Tuesday, April 21, 2009

Kantara, Standards, Open Source Projects

Please pardon the crude title of this post...

On Monday, April 20, 2009 the Kantara Initiative (the server is currently down...) was launched. Although I subscribe to the goals of the initiative I still know too little to make a reasonable decision about it. My feeling is that it is too big. While it certainly helps to have an organisation and most of the legal (IPR, bylaws, etc) stuff is already handled for a new Kantara working group e.g. openFOO/BAR/BAZ I fear that the influence of the big companies might be unhealthy for openFOO. Sure it helps to have supports from experts in e.g. protocol design and standardization to make the openFOO protocol consistent, sound, complete, modular and extensible and everything a protocol or data format should be; but Liberty Alliance, Microsoft, IBM and the other big companies have a tendency to create complex beasts that the normal open source project can not tame.

If some enthusiasts come together, join forces to solve a problem and to make the Internet "suck less" then the outcome is sometimes simple, not modular, not extensible or whatnot but if it solves the problem, well...

A counter example: Yesterday I awoke a 1am (jet lag) and tried the openinfocard selector "against" an IdP that is based on Microsoft Geneva. I imported the Information Card that was issued by that server and boom: openinfocard could not handle it. So I fixed this small problem. (Although this fix will lead to a changed internal format of the openinfocard cardstore and will break existing cardstores. Hm. Sorry). Now I try to use the card and boom: the retrieved WS-Metadata is so complex that the openinfocard selector can not handle it; So I fixed this not so small problem and learned a lot about several of the friendly members of the WS-* family...; and of Mozilla’s E4X implementation. This introduces a new level of complexity to the openinfocard code that surely will lead to trouble in the future.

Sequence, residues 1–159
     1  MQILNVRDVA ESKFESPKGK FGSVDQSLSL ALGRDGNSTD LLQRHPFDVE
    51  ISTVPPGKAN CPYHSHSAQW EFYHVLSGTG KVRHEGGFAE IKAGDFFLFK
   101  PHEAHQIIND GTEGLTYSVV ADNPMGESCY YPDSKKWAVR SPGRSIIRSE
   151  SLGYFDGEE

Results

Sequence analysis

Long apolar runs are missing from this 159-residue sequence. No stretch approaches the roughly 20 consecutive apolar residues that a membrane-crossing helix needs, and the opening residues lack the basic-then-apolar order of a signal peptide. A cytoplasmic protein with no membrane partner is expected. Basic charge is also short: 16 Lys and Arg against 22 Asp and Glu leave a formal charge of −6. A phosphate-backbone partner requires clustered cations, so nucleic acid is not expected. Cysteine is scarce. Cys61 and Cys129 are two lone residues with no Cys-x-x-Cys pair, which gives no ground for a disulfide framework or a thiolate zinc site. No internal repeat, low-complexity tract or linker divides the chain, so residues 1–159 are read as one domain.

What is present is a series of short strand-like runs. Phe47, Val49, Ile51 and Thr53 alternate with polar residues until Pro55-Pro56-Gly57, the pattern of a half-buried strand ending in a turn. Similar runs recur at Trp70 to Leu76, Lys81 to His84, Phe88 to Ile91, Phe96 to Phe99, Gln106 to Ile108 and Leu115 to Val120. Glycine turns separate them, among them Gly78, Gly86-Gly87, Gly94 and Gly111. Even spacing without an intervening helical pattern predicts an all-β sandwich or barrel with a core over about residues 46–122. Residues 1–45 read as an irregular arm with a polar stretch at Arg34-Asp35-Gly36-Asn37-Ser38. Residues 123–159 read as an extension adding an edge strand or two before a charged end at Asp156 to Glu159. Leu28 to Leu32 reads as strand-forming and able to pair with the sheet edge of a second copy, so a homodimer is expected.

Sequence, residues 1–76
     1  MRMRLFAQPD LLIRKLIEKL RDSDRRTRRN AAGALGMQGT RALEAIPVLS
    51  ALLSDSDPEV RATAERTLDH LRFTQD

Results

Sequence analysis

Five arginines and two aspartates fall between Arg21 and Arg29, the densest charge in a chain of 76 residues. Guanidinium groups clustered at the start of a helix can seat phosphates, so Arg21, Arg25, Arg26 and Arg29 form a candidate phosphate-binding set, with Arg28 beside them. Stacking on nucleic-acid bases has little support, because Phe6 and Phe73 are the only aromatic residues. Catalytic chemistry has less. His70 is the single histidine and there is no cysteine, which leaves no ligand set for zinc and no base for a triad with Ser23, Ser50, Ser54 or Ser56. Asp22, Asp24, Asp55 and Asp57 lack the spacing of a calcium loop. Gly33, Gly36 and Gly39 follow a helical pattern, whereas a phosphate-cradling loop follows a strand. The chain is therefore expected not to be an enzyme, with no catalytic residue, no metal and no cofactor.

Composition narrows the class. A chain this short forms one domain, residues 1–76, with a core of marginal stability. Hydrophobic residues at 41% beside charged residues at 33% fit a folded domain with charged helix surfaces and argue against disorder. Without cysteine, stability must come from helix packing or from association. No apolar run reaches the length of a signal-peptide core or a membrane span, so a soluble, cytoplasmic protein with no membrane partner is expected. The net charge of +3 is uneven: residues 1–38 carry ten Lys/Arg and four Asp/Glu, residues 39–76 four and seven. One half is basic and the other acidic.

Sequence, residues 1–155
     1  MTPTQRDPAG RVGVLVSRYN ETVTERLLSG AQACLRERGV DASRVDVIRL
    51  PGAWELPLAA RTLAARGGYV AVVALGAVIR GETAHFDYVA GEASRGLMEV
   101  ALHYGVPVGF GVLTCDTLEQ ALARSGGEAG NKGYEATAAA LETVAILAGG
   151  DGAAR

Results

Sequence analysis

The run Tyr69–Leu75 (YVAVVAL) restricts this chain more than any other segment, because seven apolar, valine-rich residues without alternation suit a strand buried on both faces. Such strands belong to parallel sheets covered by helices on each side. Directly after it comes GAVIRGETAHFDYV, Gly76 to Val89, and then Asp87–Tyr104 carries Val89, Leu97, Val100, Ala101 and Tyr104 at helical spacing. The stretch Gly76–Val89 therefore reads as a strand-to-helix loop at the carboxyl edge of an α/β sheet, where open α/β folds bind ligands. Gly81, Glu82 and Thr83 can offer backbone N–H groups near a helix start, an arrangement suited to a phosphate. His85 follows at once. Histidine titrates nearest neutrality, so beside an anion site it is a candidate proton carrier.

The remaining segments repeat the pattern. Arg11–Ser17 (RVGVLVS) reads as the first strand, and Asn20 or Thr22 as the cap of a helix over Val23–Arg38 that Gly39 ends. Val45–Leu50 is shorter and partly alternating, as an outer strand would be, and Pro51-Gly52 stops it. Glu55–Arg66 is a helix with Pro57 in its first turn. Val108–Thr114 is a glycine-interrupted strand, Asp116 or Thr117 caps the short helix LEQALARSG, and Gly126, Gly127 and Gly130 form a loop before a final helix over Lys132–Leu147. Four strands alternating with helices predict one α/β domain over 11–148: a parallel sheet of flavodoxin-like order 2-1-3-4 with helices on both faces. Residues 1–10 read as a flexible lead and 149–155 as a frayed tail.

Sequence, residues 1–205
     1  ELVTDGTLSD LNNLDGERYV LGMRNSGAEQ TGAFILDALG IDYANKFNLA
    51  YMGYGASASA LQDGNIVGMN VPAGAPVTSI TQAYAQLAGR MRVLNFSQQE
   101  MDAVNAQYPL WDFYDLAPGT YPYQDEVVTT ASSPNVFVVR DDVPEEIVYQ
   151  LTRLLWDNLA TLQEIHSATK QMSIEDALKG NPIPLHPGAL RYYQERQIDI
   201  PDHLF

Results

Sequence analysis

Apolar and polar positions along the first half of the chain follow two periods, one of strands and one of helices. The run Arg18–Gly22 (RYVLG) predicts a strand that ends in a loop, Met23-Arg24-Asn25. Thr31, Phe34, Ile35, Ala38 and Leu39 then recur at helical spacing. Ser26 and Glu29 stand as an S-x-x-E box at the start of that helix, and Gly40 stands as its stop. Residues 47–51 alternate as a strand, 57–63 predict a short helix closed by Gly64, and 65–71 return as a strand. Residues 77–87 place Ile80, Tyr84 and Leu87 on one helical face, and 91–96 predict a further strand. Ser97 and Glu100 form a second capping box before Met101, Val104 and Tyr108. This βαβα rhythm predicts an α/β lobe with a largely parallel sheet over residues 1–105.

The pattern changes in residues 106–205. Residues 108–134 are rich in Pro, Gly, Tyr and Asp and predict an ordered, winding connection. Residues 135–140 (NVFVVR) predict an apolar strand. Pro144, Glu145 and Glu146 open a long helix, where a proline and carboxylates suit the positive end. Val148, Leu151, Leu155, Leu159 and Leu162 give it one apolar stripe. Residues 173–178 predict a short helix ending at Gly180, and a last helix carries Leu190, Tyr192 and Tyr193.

What does this have to do with Kantara? Well, sure the designers of WS-* are not all members of Kantara but the Liberty Alliance Project has created similar complex specifications (This server is down too; in fact it turns out it is the same server 74.124.198.86).
Now consider you want to implement a cool program on a mobile phone and have to use these standards. Good luck with e.g. ID-WSF and e.g. kxml2. Doable, but this takes probably more than half an hour.

So I am sceptical for small, fast, just-doit openFOO groups.

1 comment:

Robin Wilton said...

Hi Axel - I think Liberty, its corporate stakeholders, and some of the other large firms you mention all recognised that the "big business" approach is not always the best way to crack some of these problems.

A vital aim of Kantara is to provide a much more inclusive, flexible way of working so that small "just do it" groups can indeed bring their projects in, and can benefit from anything useful which the "big fish" have already worked on, but not get tied into a load of inappropriate process and complexity.

If we can make it work, the outcomes should be better for all concerned...